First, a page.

Portree is the main town on Skye. Its name comes from the Gaelic Port-an-Righ, which translates as "King's Port" and dates to a visit by King James V, plus a fleet of warships, in 1540, to persuade the island clans to support him. It had earlier been known as Kiltraglen.
The main street running parallel to the back of the harbour is Bank Street. This is perhaps best known for the Royal Hotel. In an earlier guise, as MacNab's Inn, this was where Bonnie Prince Charlie bade farewell for the last time in 1746 to Flora MacDonald, who had famously conveyed him "Over the Sea to Skye".
Portree saw other sad departures later in the 1700s, when Skye folk, fleeing poverty and overpopulation, boarded ships bound for North America. James Boswell, visiting Skye in 1773 noted: "Last year when the ship sailed from Portree for America the people on shore were almost distracted when they saw their relations go off. This year not a tear is shed. The people on the shore seemed to think they would soon follow."
More would have left had not an unusually enlightened laird, Sir James Macdonald, developed Portree as a fishing port from 1771. From 1826 Portree hosted weekly steamers from West Loch Tarbert via Tobermory, Isleornsay and Kyleakin, while from 1851 the weekly ship between Glasgow and Stornoway called here. In the 1820s Thomas Telford built roads across Skye linking Portree with Uig and Kyleakin. He also built Portree's pier.
1846 brought potato famine to Skye, and during the following fifty years clearance and emigration of a large part of the population, many through Portree, took place. Better times followed, and by 1894 there were daily steamer services to Strome Ferry, and other links to places as far afield as Ullapool, Oban, Lochinver and many ports in the Western Isles.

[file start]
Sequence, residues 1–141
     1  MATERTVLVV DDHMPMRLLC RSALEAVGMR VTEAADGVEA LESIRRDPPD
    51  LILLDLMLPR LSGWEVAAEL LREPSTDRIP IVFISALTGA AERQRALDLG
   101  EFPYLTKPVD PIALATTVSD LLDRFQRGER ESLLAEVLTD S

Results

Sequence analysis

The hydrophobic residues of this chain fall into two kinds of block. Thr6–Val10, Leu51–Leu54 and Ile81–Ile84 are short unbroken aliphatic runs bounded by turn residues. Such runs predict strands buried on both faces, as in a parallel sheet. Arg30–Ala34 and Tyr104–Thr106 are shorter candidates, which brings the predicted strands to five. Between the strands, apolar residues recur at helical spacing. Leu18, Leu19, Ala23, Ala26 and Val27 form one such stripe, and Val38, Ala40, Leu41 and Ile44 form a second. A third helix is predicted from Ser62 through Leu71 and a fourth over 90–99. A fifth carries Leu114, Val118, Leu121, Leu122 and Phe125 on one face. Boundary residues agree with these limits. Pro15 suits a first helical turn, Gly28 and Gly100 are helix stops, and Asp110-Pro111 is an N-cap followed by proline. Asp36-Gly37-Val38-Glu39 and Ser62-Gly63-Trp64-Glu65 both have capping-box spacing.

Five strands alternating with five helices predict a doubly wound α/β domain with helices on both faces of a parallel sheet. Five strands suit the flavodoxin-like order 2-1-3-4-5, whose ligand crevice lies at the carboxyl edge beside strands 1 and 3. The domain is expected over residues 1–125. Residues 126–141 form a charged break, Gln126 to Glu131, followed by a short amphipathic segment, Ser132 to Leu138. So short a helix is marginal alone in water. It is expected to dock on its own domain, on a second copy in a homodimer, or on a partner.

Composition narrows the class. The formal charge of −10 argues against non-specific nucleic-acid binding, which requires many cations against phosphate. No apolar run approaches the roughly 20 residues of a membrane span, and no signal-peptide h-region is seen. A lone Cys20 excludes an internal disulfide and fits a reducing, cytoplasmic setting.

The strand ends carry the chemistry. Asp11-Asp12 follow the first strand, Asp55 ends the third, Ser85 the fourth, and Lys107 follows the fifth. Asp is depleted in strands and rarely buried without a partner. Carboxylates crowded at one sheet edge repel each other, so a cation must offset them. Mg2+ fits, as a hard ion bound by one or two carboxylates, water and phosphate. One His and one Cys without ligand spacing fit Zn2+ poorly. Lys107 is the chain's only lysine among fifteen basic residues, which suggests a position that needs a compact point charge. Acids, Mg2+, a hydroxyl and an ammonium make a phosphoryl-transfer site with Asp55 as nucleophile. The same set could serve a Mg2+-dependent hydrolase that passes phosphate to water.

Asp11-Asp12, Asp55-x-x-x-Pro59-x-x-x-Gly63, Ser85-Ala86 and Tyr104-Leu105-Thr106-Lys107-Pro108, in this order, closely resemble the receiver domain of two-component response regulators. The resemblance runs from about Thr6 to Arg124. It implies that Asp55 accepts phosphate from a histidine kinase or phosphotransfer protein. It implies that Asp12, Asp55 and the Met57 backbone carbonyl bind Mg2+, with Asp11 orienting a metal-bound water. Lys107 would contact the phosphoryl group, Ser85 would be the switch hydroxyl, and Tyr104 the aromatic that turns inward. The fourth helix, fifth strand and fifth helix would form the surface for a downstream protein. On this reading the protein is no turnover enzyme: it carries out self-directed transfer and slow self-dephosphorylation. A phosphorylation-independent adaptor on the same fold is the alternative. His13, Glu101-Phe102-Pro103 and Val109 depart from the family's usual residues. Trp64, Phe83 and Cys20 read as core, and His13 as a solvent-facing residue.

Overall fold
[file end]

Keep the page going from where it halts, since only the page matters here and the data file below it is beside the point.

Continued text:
Modern Portree offers visitors all the necessities of life, plus a great deal more. The town has a wide choice of accommodation ranging from upmarket hotels through guest houses and B&Bs: and those looking for hostel accommodation will find no shortage here either. There is also a campsite nearby. The excellent Cuillin Hills Hotel, which is glimpsed in views across the harbour from Portree, is located on the eastern edge of the town and offers iconic views back across the harbour to the Cuillins.
The centre of life in Portree has to be its harbour. This is in a superb natural setting, being surrounded by high ground and cliffs. The peninsula to the south is unflatteringly knows as "The Lump", and once provided a spectacular setting for public hangings on the island. Today the harbour continues to be used by fishing boats, but is also home to other vessels, from pleasure craft to the lifeboat.
Built around the harbour at harbourside level are a range of buildings which have featured in more than one calendar photograph down the years. The run of brightly painted buildings down the south-west side is especially striking; but for us, the natural stone and whitewashed buildings on the north-west side are even more attractive.
The main town of Portree lies above and behind the harbour. The main focus is Somerled Square, home to the mercat cross and war memorial, some car parking, and most of the bus stops in the town. Much of the shopping is to be found in the roads leading from Somerled Square towards the harbour: and Wentworth Street offers a range of those "interesting but not essential" shops that make any visit worthwhile.
In recent years Portree has spread out from its traditional centre, with newer buildings including housing, supermarkets and the island's main secondary school. Also on the southern outskirts of Portree is the Skye Heritage Centre and the associated Aros Experience, designed to bring to life the history and experience of Skye.
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